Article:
I think you can impress me, where I grew up was mainly cold and wet, but not much snow. I did once ride a two-up 25 in snow in Cheshire, that was fun.
@XCProMD... I'm now of the mind that you may be more correct than I was on this subject. So far, I think the Campagnolo offering in the Direct Mount brake department is kind of subpar compared to the quality and function of their standard skeleton brakes. I used them, tested them with various wheels, and have some new conclusions regarding Direct Mount brakes in general, and some specific conclusions about Campy's offering.
First the general stuff. The widest rims I have are Campy Boras at 24.2mm at the brake track. And I still use standard mount rims as well (odler Boras and Ambrosio Nemesis). For these rims I actually prefer the standard mount brakes... the geometry is such that they work very well, are simple, only need one hole (and non threaded) in a brake bridge or fork crown to mount... basically all the stuff that I've already rambled on about. Basically they are good and I questioned the need for something differernt.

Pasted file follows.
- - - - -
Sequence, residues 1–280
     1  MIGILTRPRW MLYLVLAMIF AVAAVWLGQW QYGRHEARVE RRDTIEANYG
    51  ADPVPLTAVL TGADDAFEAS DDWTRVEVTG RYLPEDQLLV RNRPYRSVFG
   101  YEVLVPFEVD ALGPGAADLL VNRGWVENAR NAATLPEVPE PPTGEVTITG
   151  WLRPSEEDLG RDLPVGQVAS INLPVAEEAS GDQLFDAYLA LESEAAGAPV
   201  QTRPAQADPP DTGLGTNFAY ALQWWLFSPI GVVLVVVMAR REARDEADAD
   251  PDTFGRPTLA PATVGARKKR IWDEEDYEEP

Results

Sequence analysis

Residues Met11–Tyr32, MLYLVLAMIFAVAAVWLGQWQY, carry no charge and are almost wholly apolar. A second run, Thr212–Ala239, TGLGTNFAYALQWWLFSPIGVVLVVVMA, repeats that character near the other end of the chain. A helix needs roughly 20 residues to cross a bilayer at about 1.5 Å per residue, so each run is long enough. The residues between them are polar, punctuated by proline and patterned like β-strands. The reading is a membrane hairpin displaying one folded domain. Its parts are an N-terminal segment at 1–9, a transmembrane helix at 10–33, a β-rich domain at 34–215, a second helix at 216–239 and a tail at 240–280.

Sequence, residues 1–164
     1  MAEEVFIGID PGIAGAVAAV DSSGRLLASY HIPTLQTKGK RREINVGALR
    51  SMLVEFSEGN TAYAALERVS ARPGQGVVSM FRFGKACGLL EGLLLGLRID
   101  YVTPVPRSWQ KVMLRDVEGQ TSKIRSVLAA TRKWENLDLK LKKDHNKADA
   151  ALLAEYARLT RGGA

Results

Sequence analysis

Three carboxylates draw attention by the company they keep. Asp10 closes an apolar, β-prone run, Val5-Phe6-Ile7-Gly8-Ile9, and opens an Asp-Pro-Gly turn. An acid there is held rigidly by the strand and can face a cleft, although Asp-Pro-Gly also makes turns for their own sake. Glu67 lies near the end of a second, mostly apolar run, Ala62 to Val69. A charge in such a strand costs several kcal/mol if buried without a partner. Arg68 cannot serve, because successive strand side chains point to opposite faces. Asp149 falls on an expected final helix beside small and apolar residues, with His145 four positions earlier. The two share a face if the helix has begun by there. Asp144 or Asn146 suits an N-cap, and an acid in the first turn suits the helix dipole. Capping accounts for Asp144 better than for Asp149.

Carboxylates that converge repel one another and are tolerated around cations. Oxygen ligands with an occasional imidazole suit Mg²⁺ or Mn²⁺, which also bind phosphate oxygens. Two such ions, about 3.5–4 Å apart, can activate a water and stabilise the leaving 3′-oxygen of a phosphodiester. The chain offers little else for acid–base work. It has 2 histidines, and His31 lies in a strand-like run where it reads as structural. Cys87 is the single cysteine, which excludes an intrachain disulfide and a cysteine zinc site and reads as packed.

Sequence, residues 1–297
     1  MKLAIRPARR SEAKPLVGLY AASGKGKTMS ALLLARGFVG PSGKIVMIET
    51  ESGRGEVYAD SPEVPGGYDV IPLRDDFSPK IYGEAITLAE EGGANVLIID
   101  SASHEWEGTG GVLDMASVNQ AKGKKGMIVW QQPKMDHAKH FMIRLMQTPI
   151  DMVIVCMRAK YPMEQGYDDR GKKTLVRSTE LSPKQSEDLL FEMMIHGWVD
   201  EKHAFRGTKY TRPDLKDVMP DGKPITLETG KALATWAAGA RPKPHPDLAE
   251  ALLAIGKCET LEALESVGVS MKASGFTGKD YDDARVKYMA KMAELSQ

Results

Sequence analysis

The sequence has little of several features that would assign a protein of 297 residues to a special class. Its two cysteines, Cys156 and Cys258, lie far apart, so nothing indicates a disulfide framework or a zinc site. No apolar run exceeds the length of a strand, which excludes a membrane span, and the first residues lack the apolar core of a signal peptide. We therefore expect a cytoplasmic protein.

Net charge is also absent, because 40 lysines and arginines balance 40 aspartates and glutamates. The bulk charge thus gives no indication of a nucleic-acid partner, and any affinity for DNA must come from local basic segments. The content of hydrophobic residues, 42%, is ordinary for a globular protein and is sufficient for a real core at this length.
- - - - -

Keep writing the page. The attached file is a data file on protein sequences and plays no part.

But now we have wider rims... some really quite wide. In these cases, I think Direct Mount brakes are the better option. Not so much for height clearance, but becasue of the geometry of the brake arms and the pivot points on the stays. I just think they're better able to handle a rim of more significant width. So, there's the case for Direct Mounts. I'm still not sure if the Direct Mounts do as good a job as standard mounts for rims in the 20mm-24mm width range however. If you need height clearance however, for like 30mm tires or something, then I don't think there's any question that you should be looking at disc brakes.